Despite decades spent exploring our solar system, there’s still a lot humanity hasn’t accomplished, and there’s still a lot we haven’t properly explored. One of the most important things that still needs to be explored are the other planets within our solar system. Sure, we have pictures of Mars, but what about pictures of the surface of Venus? How much did we discover this planet? The answer: not much.
While you can find dozens, if not hundreds, of images of the surface of Mars, Earth’s other neighbor, Venus, is limited to a series of images taken in the early 1980s. Furthermore, these images were not taken by a NASA spacecraft, as NASA has not yet landed a spacecraft on the surface of the planet. Instead, the only images of the surface of Venus that we have to look at were taken by Soviet-era spacecraft over 40 years ago.
Venus is the second planet from the Sun, located between Earth and Mercury. It’s about 125 million miles from Earth, just 12 million miles from Mars, a planet we’ve explored dramatically in the search for extraterrestrial life. As Earth’s twin, learning more about Venus has been a requirement for astronomers for decades—so why are the only images of Venus’ surface so old?
Because it was very difficult to get a spacecraft there. Venus is so hostile, that to date, NASA has completed only one flyby of Venus with a single spacecraft, Mariner 2, in 1962. The spacecraft completed a 42-minute survey of Earth’s twin, but it wasn’t until 1970, when the Soviet Venera landed 7 on the planet. In 1975, the Venera 9 camera landed, and it took some of the best pictures of the surface of Venus.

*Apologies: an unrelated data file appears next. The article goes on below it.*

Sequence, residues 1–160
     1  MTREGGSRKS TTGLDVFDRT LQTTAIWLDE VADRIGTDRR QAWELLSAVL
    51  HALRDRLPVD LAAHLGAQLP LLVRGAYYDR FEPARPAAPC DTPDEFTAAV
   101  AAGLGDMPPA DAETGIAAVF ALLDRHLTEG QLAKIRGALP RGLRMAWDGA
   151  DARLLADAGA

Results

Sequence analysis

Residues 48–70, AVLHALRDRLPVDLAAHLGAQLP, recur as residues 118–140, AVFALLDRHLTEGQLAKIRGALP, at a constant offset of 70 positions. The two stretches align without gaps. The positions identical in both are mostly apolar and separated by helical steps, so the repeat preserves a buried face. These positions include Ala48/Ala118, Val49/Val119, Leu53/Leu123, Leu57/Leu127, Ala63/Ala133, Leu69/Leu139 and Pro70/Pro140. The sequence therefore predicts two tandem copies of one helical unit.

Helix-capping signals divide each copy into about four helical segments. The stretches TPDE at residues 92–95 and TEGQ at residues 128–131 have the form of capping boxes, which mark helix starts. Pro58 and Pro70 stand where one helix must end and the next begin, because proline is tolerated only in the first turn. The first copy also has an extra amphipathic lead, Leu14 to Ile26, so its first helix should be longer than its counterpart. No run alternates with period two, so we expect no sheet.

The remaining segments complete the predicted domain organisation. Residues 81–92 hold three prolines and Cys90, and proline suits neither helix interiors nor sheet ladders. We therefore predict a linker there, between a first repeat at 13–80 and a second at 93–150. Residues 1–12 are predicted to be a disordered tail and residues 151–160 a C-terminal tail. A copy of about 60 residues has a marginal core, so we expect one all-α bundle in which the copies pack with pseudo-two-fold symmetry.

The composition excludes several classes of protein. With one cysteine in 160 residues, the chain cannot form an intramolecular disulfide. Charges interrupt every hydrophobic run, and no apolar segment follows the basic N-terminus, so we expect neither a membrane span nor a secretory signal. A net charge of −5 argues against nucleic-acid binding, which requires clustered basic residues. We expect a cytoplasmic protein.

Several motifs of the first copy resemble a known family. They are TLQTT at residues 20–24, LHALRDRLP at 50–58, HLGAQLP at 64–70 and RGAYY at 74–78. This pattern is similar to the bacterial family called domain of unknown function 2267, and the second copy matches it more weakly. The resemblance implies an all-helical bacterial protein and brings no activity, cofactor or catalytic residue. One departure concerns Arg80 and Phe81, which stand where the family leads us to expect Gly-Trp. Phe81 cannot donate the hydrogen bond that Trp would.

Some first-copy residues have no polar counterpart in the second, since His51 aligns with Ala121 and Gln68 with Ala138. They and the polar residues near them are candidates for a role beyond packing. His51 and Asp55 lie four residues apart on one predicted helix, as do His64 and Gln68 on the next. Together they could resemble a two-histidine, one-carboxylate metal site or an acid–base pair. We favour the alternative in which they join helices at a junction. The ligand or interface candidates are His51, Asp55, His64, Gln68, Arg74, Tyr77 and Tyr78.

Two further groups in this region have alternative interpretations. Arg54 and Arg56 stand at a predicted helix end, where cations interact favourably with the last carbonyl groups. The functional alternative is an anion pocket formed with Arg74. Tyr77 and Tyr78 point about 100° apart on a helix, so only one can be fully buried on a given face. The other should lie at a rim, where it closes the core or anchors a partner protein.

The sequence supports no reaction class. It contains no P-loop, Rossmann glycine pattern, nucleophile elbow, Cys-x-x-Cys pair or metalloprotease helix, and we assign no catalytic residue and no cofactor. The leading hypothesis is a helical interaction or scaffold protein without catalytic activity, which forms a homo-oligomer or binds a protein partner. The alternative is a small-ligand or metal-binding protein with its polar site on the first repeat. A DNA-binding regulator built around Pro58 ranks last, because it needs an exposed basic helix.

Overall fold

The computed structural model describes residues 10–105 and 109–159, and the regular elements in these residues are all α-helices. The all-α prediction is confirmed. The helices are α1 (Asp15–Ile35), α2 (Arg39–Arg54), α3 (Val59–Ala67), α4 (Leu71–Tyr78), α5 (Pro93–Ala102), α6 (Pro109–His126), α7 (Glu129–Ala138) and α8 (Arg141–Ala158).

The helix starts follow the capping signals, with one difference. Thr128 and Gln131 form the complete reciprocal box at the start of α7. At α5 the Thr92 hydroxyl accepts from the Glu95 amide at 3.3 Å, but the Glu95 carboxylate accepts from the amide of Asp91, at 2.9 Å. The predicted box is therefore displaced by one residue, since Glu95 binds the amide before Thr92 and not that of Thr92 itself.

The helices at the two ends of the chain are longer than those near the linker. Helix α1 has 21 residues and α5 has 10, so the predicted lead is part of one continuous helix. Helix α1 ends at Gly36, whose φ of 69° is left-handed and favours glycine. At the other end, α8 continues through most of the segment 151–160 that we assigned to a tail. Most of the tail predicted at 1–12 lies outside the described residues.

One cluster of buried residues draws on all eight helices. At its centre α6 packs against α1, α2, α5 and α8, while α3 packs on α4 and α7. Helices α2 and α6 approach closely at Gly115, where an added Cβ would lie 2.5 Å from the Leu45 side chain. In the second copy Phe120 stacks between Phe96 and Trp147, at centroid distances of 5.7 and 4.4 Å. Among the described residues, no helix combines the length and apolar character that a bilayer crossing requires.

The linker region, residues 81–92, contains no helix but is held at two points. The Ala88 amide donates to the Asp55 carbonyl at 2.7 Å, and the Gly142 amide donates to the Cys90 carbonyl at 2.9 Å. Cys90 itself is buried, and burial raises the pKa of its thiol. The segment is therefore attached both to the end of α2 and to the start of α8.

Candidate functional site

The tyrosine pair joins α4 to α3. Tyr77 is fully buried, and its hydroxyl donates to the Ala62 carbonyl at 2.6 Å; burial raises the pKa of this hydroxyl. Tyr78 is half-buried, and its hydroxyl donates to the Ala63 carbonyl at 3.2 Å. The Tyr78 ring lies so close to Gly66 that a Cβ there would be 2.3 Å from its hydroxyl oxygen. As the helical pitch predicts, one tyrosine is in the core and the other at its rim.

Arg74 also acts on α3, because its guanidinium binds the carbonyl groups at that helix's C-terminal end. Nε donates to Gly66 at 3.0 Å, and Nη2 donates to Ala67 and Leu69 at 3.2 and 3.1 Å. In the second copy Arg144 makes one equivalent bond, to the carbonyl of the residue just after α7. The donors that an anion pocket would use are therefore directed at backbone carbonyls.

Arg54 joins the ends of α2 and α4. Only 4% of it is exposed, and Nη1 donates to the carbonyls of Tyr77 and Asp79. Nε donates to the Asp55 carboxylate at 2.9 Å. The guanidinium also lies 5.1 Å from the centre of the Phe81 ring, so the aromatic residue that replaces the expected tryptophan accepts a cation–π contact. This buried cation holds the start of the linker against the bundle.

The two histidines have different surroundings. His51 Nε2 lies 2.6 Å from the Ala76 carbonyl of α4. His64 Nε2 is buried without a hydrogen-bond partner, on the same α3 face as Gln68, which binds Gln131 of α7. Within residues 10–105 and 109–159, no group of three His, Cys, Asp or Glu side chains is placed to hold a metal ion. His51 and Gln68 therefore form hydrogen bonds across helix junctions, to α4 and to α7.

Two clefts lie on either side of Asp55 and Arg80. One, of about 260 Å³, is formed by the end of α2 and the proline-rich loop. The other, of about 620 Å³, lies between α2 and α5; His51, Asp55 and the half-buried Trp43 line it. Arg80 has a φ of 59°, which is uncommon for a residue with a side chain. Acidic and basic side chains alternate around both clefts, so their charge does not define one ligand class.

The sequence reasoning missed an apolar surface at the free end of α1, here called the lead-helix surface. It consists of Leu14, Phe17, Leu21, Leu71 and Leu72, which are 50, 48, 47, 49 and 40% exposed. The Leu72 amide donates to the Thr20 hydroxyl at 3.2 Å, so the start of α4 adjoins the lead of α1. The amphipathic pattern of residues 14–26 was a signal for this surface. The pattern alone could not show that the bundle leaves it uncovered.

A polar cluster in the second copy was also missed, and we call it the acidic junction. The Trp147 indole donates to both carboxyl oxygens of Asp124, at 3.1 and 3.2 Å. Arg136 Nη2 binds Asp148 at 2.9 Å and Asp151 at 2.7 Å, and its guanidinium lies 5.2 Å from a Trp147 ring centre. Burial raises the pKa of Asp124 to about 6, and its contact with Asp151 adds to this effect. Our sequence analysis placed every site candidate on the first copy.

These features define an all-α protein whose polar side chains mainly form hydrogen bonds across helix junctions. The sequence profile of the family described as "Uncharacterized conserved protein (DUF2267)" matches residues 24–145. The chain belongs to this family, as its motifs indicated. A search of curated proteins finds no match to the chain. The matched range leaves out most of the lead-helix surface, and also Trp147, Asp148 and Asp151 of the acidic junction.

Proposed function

Venera 10, Venera 13, and Venera 14 will continue to take images of the surface throughout the early 1980s. But for every spacecraft that succeeded, another failed, and when the Soviet spacecraft Venera 3 crashed into Venus in 1965, it was the first to succeed after eight failed missions. It’s the surface that makes this planet so hostile—photos of Venus’ surface show a cracked, dusty landscape.
Severe heat and overwhelming atmospheric pressure dominate this landscape. On Venus, temperatures range from 820 to 900 degrees Fahrenheit (437 to 482 degrees Celsius), making it much more difficult to explore than the cooler surface of Mars, which averages a low of 81 degrees Fahrenheit (-63 degrees Celsius).
Of course, this could all change in the next few years, when NASA begins its latest set of missions to Venus, starting with the DAVINCHI spacecraft, which will study the drop in the planet’s atmosphere. With other missions to follow, perhaps NASA will soon have some new images of the surface of Venus to show. For now, though, those just have to.
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